According to data from the Gilgit-Baltistan election commission, 745,361 people had registered to vote in the election, of which 339,992 are women. Nearly 1,234 polling stations were set up in 24 constituencies, of which 415 were declared ‘extremely sensitive.’ 

As many as 330 candidates, including four women, vied for 24 general seats in the third legislative assembly of Gilgit-Baltistan.


PM Khan calls for affordable supply of COVID vaccines, debt relief for developing countries

Updated 30 min 35 sec ago

PM Khan calls for affordable supply of COVID vaccines, debt relief for developing countries

  • Pakistani prime minister delivers statement at fourth session of UN Conference on Trade and Development
  • Offers five-point agenda to address structural barriers hampering global development during pandemic

ISLAMABAD: Pakistani Prime Minister Imran Khan on Monday proposed a five-point agenda to address structural barriers hampering global development during the coronavirus pandemic, urging the "equitable and affordable" supply of vaccines to developing countries and calling for additional debt relief. 

Khan presented a statement at the fourth session of the United Nations Conference on Trade and Development Intergovernmental Group of Experts on Financing for Development. 

He said the pandemic offered an opportunity to address “structural barriers hampering global prosperity and development,” proposing a five-point agenda.

“One, a viable framework for equitable and affordable supply of COVID vaccine to developing countries. The coverage of the COVAX facility must be expanded. This would enable the developing countries to spend their precious resources on socio-economic development needs,” the PM said. 

He said developing nations should get additional debt relief, including suspension of debt repayments for the most stressed countries until the end of the pandemic, restructuring of their public-sector debt under an agreed and inclusive multilateral framework; and expanding concessional financing through multilateral development banks.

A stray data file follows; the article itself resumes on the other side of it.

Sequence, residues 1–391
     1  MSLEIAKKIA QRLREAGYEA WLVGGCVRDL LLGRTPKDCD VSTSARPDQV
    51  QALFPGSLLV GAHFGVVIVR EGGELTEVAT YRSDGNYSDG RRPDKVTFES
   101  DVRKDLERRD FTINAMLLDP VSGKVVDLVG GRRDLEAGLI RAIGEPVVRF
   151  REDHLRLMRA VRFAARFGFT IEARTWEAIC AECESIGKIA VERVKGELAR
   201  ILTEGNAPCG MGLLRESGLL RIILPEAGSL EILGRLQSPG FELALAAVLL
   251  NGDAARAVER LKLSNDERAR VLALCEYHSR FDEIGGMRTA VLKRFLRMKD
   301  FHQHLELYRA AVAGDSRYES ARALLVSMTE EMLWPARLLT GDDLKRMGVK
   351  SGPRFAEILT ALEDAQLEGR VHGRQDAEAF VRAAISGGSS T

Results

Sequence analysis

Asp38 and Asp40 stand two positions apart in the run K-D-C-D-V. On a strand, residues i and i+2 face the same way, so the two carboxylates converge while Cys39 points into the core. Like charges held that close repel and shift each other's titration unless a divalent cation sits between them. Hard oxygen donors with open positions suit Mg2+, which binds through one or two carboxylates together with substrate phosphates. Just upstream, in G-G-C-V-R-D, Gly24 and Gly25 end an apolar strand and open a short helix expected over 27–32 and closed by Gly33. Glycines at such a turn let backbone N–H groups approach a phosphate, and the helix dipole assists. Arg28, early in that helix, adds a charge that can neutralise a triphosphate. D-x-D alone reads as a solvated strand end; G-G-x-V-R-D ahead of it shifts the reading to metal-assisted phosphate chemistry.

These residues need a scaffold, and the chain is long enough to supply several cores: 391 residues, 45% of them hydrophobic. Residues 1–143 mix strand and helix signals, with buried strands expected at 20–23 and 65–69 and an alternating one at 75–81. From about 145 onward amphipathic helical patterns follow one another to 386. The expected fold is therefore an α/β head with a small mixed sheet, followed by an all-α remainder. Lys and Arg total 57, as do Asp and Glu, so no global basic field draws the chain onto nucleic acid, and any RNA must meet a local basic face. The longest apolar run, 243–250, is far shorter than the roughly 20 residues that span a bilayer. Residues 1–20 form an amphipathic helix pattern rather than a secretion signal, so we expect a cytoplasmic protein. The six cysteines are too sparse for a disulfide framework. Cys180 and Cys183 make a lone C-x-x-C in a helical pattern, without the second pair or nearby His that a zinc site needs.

“Three, a general allocation of Special Drawing Rights (SDRs) of 500 billion dollars to help alleviate balance-of-payment pressures,” Khan added. “Four, return of stolen assets held by corrupt politicians and criminals ... Reportedly, a staggering amount of 7 trillion dollars is parked in 'haven' destinations. And it is also reported that one trillion dollars annually leaves the developing countries for these “haven” destinations.”

Finally, the PM said, mobilizing $100 billion annually by developed countries for climate action in developing countries was a target that needed to be met. 

“Economic malaise and recession, like the coronavirus, is highly communicable,” Khan said. “Global policy measures, along the lines I have outlined, are urgently needed to save lives, revive economies, and build back better.”

Pakistan has reported 534,041 COVID-19 cases so far, and 11,318 deaths, far lower than what officials had feared.

“In Pakistan, our efforts have been aimed at ensuring that we save people from dying from the virus, and at the same time preventing them from dying from hunger,” Khan said. “Our strategy fortunately has worked well so far. But continuous efforts are needed to fully overcome the second wave of the virus. And also at the same time to maintain and stimulate economic growth.”